What Is a Urinary Tract Infection (UTI)?
UTIs occur in your urinary system or tract.
The urinary tract is a group of organs that produce and remove urine or pee from your body.
It includes your:
Bladder. A hollow muscular organ that holds urine.
Kidneys. Two waste-filtering organs that make pee.
Ureters. Two thin tubes that carry pee from your kidneys to your bladder.
Urethra. A tube through which pee leaves your body.
What Are the Types of Urinary Tract Infections?
You can get a UTI in any part of your urinary tract. UTIs have different names based on where the infection occurs.
Types of UTIs include:
Cystitis (bladder infection). Inflammation of the bladder is the most common organ for a UTI, especially in women.
Pyelonephritis (kidney infection). Inflamed kidneys that happens when bacteria spread to the upper part of the urinary tract.
Urethritis. Swelling of the urethra. Bacteria often cause these infections, but they can also occur due to viruses or injury to the urethra.
What Causes UTIs?
Most UTIs form when bacteria get into the urinary system through the urethra.
They may enter your urethra when you wipe your anus after you poop. Escherichia coli (E. coli) bacteria, which can cause a UTI, live in poop.
When bacteria enter the urethra, they cause inflammation. They can travel into the ureters, bladder, and kidneys if left untreated.
What Are UTI Risk Factors and Complications?
Women are at higher risk of getting UTIs.
Women have shorter urethras than men, so bacteria have shorter distances to travel to reach the bladder. A woman's anus is also closer to her urethra, which makes it easier for bacteria to reach the urethra.
Other factors that put you at greater risk for UTIs include:
Aging. As we age, the bladder and pelvic floor muscles may weaken. Weak muscles can make it hard to fully empty your bladder, allowing bacteria to multiply.
Diabetes. Diabetes can damage your nerves. This damage can make it hard to tell when you need to pee. Urine stays in the bladder, giving bacteria time to grow.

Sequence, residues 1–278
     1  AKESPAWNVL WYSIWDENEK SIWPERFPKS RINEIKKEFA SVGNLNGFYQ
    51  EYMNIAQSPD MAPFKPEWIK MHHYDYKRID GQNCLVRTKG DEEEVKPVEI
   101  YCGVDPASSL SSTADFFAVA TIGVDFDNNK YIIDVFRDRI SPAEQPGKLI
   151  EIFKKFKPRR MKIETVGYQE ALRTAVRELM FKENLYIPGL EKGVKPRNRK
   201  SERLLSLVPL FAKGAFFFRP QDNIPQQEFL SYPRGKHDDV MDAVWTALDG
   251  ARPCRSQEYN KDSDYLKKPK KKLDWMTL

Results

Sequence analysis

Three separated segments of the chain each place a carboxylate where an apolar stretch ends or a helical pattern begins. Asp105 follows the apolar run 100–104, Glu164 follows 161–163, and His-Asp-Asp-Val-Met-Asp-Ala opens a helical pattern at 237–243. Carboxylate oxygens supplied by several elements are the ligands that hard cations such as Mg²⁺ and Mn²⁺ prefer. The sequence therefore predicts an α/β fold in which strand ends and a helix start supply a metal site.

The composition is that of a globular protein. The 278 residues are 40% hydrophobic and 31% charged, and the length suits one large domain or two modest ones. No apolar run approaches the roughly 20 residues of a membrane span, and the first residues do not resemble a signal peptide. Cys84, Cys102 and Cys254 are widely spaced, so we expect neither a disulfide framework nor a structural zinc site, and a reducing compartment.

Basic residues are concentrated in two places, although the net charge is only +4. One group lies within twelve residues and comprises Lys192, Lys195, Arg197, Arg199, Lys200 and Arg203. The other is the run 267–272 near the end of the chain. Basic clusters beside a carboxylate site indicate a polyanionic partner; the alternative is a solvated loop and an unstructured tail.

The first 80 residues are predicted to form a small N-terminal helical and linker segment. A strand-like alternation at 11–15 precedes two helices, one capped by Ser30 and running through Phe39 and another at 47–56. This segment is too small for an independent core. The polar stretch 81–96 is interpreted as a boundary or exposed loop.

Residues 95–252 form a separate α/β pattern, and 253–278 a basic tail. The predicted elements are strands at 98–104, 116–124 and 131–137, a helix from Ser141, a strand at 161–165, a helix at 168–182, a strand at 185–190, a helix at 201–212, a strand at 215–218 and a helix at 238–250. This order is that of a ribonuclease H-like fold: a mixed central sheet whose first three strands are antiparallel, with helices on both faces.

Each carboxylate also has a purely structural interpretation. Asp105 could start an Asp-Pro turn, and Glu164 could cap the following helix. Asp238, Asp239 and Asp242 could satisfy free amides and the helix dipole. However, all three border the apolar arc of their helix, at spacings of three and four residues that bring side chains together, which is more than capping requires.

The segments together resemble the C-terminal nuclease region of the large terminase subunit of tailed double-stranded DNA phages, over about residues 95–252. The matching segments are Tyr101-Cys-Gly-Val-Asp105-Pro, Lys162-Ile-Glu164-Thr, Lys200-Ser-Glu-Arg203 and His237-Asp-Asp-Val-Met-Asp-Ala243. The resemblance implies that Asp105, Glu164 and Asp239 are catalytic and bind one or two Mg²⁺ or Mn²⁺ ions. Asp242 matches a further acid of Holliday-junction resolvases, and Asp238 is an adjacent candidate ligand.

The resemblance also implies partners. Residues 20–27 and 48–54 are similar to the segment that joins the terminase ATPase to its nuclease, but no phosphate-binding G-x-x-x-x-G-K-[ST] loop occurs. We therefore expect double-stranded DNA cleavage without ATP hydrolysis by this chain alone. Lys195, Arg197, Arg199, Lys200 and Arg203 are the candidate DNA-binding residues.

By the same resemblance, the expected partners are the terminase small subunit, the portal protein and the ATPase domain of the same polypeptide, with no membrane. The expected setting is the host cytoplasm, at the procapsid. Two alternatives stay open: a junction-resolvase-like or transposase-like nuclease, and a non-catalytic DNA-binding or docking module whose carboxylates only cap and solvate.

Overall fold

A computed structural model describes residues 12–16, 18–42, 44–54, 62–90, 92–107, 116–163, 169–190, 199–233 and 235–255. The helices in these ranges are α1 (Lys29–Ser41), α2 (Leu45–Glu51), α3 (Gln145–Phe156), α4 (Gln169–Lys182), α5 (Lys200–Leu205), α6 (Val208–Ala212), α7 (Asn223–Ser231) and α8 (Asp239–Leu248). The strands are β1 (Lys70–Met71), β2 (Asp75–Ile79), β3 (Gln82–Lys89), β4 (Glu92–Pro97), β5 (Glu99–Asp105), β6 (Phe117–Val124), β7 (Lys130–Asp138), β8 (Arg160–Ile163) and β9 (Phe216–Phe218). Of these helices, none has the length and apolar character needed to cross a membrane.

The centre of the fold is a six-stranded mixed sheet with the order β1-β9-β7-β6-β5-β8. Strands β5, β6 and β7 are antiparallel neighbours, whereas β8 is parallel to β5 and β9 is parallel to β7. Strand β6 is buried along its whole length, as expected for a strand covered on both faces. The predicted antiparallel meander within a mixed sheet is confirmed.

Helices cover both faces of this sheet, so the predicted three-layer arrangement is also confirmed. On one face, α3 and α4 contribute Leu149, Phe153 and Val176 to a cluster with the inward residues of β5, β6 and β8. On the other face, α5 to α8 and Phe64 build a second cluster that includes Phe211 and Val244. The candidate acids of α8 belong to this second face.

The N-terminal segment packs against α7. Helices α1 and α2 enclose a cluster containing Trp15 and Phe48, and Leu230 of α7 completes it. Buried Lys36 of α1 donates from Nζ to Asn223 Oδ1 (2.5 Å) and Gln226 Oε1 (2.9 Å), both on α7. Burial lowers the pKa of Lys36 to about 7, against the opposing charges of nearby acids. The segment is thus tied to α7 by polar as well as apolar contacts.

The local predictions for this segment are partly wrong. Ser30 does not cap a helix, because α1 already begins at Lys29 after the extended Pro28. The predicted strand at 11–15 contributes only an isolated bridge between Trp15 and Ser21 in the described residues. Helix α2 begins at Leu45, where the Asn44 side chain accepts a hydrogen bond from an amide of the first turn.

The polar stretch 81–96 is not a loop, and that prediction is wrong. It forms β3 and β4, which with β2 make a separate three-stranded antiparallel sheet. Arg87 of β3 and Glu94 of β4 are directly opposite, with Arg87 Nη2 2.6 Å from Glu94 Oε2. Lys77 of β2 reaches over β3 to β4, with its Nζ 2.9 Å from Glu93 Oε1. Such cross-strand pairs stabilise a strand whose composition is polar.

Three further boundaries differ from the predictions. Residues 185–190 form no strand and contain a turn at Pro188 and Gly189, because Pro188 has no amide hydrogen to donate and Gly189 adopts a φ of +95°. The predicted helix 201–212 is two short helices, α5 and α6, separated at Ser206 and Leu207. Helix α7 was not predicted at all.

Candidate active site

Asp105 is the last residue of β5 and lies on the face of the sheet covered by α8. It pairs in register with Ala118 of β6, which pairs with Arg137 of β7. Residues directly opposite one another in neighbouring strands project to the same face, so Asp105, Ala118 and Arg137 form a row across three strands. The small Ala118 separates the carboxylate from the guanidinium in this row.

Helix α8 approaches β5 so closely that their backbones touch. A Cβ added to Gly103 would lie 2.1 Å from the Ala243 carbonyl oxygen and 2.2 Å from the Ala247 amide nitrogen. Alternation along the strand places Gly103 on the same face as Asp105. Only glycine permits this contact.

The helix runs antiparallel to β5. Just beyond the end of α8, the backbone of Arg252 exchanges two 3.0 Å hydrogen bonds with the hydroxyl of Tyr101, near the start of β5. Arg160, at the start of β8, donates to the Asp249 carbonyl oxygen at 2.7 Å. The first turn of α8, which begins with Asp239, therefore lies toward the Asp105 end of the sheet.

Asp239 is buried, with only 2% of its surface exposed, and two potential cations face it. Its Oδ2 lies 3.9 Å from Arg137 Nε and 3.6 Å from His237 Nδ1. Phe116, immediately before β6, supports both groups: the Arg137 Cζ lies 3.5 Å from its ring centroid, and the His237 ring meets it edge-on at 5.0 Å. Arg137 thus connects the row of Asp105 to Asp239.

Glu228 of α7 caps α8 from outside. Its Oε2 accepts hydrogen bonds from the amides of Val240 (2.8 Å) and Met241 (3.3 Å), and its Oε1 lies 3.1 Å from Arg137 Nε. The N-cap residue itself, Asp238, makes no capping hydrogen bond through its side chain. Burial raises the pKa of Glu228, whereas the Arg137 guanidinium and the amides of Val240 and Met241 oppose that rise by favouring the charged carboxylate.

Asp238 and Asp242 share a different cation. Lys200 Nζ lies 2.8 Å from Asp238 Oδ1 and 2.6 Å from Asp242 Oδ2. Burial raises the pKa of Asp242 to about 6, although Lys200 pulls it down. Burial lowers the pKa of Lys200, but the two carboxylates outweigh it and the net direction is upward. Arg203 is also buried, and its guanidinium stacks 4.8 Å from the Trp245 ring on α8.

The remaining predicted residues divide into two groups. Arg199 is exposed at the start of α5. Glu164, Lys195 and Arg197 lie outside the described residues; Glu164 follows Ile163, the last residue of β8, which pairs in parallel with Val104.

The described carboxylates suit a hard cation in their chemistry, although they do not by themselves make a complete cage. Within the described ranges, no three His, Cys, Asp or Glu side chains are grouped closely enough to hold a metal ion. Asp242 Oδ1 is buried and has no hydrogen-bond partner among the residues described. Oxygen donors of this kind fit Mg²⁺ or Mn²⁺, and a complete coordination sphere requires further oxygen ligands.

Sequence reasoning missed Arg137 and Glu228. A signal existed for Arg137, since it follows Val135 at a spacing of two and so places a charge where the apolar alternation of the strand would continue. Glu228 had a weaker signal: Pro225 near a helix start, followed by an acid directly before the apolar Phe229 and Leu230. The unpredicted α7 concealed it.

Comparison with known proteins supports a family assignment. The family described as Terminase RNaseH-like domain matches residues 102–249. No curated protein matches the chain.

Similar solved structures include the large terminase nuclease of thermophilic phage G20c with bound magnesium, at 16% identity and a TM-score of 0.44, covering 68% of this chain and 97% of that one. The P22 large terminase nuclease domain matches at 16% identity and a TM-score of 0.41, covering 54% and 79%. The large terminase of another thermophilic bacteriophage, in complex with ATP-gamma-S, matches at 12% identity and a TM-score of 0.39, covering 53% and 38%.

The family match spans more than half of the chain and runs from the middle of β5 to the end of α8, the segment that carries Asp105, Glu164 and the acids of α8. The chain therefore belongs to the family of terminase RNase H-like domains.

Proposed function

History of UTIs. If you've had past UTIs, you're more likely to get another one.
Kidney stones. Hard, stone-like pieces that form in the kidneys can block urine flow in the ureters. These blockages allow pee to collect and bacteria to multiply.
Menopause. The hormone changes of menopause can change the tissue in a woman's vagina. These thinner, drier tissues create a setting that boosts bacteria growth.
Pregnancy. Your growing baby may put pressure on your bladder, making it hard to empty it fully.
Prostate enlargement. When a man's prostate becomes enlarged, it may cause the urethra to narrow and block urine flow. This can prevent you from fully emptying your bladder.
Sex. You and your partner may share germs that cause UTIs.
Urinary catheter. If you've had a tube placed in your urethra, bacteria may enter your urinary tract more easily.
When left untreated, UTIs can cause complications.
You may get a kidney infection. Rarely, the infection can enter your bloodstream (known as sepsis) and become a medical emergency.
In older adults, UTIs can cause symptoms such as confusion or seeing or hearing things that aren't there.
How Do I Prevent UTIs?
You can help prevent UTIs by drinking lots of water (six to eight glasses daily).
It's also vital to pee when you feel the need. Emptying your bladder fully helps keep bacteria from growing.
You can also reduce your chances of getting a UTI by wiping from front to back after you poop. If you're a woman, you should:
- Avoid tight-fitting pants and wear underwear with a cotton crotch.
- Talk with your doctor about the best birth control method for you. Spermicides may increase your risk of UTIs.
- Change out of wet bathing suits or sweaty workout clothes right away.
- Avoid douching and feminine hygiene sprays.
Why Choose UPMC Urology for UTI Care?
- Diagnose and treat all issues that affect the urinary tract.
- Assess your symptoms and create a treatment plan to help you feel better as soon as possible.